For many years I thought I was the only male child who helped his mother with the family laundry, including ironing. In a conversation about our childhoods last week I discovered that my neighbor used to help his mother with the family ironing, too.
My neighbor is just a few years older than I am and our memories go back more than 60 years. Many of the items and practices we remember, including “sprinkling” the ironing, have disappeared. They include:
• Sprinkler bottles. In the days before steam irons, a sprinkler bottle was a necessity. You had to moisten the line-dried clothing to make it easier to iron the next day. Our second grade class made clothes sprinklers as Christmas gifts for our mothers. The few pop cans available at the time had a cone-shaped top with an opening much like the mouth of a pop bottle. After enthusiastically consuming the contents, each student painted a pop can, decorated it with a colorful decal and stuck a sprinkler head in the opening. Mom loved it… I think.
• Clothespin bags. Sure, you still see some clotheslines in backyards. However, you seldom see the bags which used to hang from nearly every set of clotheslines providing quick access to the necessary wooden clothespins.
Laundry practices aren’t all that have changed. I also remember:
• Flash bulbs. The electronic flash has been a great benefit to professional and amateur photographers alike. Today they are built into nearly every camera. I remember having to pop in a flash bulb for each indoor shot and recall as well the unusual aroma flash bulbs released as they fried and bubbled.
• Corn cobs. Now that harvesting equipment removes kernels from the cob as the corn is harvested, you don’t see many corn cobs outside of corn fields. Back when corn was picked and stored on the cob, cobs were often found piled high on a farm yard after a shelling project. Among other things, the cobs provided fuel for heating and cooking and a great nesting place for rodents. I hated the rodents.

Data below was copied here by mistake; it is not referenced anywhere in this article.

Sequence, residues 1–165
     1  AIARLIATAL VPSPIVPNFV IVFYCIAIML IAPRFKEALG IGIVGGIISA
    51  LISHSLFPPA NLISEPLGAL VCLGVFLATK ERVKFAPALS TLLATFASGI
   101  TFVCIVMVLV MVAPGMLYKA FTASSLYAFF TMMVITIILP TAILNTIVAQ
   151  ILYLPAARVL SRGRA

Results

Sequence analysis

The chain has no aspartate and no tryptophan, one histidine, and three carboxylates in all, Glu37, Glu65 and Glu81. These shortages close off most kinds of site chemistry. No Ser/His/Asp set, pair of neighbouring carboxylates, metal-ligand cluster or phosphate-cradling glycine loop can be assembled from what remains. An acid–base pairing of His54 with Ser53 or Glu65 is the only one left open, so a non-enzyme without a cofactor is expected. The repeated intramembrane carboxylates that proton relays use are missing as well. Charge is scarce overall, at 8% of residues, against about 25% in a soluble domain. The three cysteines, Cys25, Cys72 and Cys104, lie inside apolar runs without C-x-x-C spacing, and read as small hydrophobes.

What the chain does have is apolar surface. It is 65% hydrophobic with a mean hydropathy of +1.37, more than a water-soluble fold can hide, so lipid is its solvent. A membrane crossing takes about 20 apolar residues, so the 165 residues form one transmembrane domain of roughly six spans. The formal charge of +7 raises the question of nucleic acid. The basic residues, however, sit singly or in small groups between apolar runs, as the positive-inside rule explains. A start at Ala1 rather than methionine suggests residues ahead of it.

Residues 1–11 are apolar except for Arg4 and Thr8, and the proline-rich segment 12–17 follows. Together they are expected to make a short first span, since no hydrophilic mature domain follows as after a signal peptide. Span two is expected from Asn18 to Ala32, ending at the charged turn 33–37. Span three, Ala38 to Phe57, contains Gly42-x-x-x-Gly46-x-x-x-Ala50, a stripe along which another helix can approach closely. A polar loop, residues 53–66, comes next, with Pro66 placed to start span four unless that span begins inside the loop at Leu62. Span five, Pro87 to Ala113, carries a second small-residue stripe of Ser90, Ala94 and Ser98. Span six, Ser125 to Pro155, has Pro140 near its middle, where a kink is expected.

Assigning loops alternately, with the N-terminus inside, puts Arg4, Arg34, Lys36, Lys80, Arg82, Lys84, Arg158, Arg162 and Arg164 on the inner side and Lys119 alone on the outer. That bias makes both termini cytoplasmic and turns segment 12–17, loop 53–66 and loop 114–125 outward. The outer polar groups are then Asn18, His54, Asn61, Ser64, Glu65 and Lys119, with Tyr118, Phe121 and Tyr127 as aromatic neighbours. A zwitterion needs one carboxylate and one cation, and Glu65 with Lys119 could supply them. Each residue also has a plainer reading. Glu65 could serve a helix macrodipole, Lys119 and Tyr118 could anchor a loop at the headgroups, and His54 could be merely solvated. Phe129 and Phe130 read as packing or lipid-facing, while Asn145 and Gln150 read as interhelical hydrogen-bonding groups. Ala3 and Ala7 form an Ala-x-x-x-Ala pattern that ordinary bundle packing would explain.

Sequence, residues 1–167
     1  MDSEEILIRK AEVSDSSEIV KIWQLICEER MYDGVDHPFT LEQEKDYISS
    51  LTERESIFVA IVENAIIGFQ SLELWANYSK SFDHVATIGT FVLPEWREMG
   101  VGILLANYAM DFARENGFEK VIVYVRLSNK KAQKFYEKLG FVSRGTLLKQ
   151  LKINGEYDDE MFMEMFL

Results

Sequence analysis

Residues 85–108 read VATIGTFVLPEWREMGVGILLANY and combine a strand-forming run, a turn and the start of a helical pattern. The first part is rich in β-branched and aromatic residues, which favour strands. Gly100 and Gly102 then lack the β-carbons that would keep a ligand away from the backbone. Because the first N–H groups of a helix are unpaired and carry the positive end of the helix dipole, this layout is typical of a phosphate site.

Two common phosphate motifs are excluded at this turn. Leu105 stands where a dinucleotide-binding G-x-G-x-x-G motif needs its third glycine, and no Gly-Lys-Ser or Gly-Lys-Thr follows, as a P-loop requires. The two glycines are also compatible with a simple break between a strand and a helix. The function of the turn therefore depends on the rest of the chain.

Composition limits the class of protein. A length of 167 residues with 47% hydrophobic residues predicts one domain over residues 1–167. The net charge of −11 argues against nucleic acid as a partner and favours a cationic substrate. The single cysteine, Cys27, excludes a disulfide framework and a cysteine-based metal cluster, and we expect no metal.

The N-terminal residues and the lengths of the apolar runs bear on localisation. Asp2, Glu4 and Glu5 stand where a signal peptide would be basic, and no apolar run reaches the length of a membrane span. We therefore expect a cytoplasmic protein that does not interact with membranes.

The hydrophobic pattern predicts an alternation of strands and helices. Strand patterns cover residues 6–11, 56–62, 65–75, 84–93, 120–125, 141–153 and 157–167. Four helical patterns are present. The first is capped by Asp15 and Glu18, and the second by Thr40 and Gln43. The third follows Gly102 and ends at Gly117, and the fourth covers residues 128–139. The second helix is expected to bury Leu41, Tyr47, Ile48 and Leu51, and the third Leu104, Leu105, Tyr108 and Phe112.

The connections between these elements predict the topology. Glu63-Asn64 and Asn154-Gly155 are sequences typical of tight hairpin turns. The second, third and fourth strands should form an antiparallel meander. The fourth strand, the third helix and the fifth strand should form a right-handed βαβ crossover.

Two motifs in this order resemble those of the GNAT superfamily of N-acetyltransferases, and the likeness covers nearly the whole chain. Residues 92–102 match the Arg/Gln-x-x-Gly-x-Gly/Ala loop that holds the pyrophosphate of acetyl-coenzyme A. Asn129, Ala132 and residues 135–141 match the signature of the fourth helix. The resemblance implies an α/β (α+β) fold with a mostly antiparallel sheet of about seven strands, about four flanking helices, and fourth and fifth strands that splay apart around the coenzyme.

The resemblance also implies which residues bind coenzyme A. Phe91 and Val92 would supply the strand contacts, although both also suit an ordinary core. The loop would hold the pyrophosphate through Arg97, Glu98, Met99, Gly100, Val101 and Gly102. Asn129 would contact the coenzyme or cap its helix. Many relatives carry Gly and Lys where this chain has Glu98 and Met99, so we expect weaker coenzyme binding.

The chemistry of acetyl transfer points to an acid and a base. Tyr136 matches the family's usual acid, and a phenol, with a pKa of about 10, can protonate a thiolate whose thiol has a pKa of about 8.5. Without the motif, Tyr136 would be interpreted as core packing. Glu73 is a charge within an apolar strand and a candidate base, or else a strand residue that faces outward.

• Steering wheel knobs. Also known as spinners, these knobs were attached to a steering wheel to make steering easier. In the days of bench seats, a young male driver had to keep his right arm around his honey and a spinner made it easier to drive with just the left arm. That’s what the big boys told me.
• TV lamps. In the early days of television, homemakers often placed an attractive (or not) lamp on top of the TV set. The lamp provided soft room lighting which did not reflect in the TV screen or otherwise interfere with viewing an often lousy picture. Oma Gelder’s TV lamp featured a color photographic transparency of Holstein cows in a pasture, backlit by an electric bulb. It was beautiful!
• Console radios. These days radios can fit in your pocket. There was a day, however, when radios were built into large wooden cabinets. Those furniture-quality cabinets with their vacuum-tube chassis and massive speaker produced excellent sound in spite of the audio limitations and inherent static of the AM band.
• Salves. When I was a kid our medicine cabinet contained two miracle drugs which helped heal most minor rashes, burns, cuts, scrapes and other ouches active kids might suffer. Watkins brand cow teat salve came in a big red, gold and black tin. It was a thick, brown ointment with a medicine-like odor. The other, Cloverine brand salve, came in a smaller black and white tin. It was a lighter, clear ointment with a sweet scent. I’m no doctor but, doggone it, the stuff worked.
• Adding machines. There’s a calculator on nearly every desk and in every cell phone today, but you don’t often see an honest-to-goodness adding machine. These bulky, mechanical contraptions could add and subtract ̶ that was it. Even more rarely seen is a hand-powered adding machine which required a pull of a handle to make each entry.
Those of us who’ve been around for a while have witnessed many changes. When do you think the microwave oven will become obsolete?